A Certain Kind of Doubt (written 2016)

07/04/2016 09:19

How do I feel about this enterprise two years into it? I like that the website gives me a place to post notices, keep a schedule for meditation classes, give links to things that might interest people, and then leaves it to them to check in or not. Much better than a troublesome e-mail list that might get out of date, that lands messages in people's mailboxes, well-timed or not. A website means readers visit when they choose, read what they choose. Yet, I have mixed feelings about the blog, though that was my prime motivation when I began. That is, I would be writing anyway in my personal journals and it is motivating to share. But I don't know who reads it, if it's read at all or if it's useful. And it's awfully quiet out there. Despite my “contact me” page on this site, few do, other than those who are already Dhamma-friends. Plus, I know the net is a morass of opinions. My purpose is not just to add to that. What I want, what I wanted when I began, was to find a way to share the journey. This is what it was like for me then...a young mother, a beginner to meditation, after a few years, my first retreats, as I was learning and thinking and exploring. This is what it's like for me now. Today. In this moment. Over the last few weeks. As I wrestle with concepts, with mindfulness, with meditation, with keeping on keeping on with this practice that permeates and saves my life. Maybe sometimes it's like this for you too. But is this helpful?

 

Right speech, the Buddha taught, should be true, timely, beneficial. And writing is speech. Honesty and a true rendition of how things are for me, through the lens of practice, is always my guideline, whether the content of a blog is “flattering” to me or not, in agreement with prevailing opinions or not.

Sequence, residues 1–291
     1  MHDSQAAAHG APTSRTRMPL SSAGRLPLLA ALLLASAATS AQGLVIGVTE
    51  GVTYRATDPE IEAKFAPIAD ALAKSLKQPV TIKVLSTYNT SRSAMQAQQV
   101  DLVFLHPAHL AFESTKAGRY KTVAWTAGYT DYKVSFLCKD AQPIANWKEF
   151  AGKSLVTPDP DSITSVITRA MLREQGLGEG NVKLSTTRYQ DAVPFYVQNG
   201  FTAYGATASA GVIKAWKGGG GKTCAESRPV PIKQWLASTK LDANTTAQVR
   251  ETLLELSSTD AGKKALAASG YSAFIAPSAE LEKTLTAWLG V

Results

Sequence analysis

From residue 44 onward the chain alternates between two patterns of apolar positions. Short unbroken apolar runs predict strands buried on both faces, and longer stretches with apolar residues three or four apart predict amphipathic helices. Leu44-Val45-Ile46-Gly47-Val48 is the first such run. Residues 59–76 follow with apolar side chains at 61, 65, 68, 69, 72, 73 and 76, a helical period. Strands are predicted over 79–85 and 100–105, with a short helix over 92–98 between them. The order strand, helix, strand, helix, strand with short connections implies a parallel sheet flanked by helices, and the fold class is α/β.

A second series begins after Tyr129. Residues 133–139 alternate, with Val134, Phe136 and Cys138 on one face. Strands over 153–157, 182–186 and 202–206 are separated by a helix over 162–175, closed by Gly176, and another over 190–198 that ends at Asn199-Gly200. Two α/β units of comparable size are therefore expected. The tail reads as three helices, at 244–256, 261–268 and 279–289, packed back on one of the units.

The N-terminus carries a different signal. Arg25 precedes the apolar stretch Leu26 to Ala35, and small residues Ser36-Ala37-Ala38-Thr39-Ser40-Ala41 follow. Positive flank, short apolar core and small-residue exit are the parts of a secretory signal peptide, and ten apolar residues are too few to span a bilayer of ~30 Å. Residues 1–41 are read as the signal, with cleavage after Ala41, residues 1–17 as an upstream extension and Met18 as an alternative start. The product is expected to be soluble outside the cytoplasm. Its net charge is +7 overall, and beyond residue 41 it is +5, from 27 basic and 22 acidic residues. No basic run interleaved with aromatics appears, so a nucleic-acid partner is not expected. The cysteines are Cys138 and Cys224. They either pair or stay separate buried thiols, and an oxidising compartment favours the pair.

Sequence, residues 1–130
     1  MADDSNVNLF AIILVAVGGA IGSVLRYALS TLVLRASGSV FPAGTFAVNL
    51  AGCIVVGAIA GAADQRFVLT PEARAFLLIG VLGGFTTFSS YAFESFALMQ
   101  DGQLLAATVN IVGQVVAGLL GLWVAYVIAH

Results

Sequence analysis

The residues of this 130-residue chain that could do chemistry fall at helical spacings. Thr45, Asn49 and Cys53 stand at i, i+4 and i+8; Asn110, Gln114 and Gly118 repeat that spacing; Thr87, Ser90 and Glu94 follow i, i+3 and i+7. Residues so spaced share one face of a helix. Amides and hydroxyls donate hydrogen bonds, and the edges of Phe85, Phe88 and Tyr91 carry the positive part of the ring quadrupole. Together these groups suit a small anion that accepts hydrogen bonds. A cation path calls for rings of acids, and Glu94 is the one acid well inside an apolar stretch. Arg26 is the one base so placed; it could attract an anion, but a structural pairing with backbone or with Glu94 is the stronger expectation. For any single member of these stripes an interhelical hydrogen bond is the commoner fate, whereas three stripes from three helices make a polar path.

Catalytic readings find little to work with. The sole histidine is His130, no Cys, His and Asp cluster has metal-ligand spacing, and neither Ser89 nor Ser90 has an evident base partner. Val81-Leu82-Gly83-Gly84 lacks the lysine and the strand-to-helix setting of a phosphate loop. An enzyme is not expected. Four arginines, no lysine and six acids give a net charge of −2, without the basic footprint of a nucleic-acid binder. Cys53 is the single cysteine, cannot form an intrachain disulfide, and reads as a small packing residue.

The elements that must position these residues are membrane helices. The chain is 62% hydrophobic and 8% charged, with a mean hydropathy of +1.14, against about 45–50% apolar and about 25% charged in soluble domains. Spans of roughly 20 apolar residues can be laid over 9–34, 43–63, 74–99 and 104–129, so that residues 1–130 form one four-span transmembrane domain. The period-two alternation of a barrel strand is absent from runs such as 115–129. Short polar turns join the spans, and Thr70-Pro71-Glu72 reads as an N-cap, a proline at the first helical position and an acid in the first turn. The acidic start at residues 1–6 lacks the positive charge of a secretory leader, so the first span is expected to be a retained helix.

I trust, I guess, that what is timely will hold an individual's attention, will remain in memory, while what is not on target at a certain time for a certain reader will just bounce off or perhaps be stored in memory for when it is appropriate. I know that kind of thing in my own life. Teachings that I read but can't yet relate to so that they glance away and find no landing. A comment from a Dhamma friend that barely registers at the time. But later, something in my experience unearths the thread to what I heard or read and I reel it in and take another look. I'm ready to consider what was said. There is something that suddenly speaks to me.

 

And what is beneficial? Well, that's serendipity too, I suppose, in an enterprise like this. One week speaking to one reader, another week missing the mark altogether for that one, but perhaps speaking to someone else. It's an action based on trust.

 

Today is a day of a certain kind of doubt. Skeptical doubt, the Buddha taught, is one of the Five Hindrances, obstacles to practice. It's a tricky one. Doubt in the teachings, doubt in ourselves. Doubt in any guise has a heaviness to it. It's like stepping into wet sand. So today a certain kind of doubt is bogging me down. Doubt in the usefulness of what I do each week, sharing my thoughts, sharing my experiences. It's not a plea for everyone to rescue me and go immediately to the e-mail link to send encouragement. It's a place for me to look at, in my own practice. To ask relevant questions: What am I feeling? Why am I suffering? Not distracting myself from what is there. Looking. And in asking, why am I suffering, I get closer to the base. The grasping after results, the need for certainty and the selfing that flows through all human endeavor. “This is mine” includes some measure of pain.

 

So, it's pretty much exactly two years and I'm prone to assessment. And what assessment means is measuring something, a something, that in this case, is not measureable. Ah...thus the doubt. There's the underpinning of my practice for today. Sitting with uncertainty. The impact and influence of most of our actions and words cannot be measured. Doubt is balanced with trust.

 

The second factor of the eight fold path is Right intention. I'll come back to that and find a space to breathe and be with uncertainty.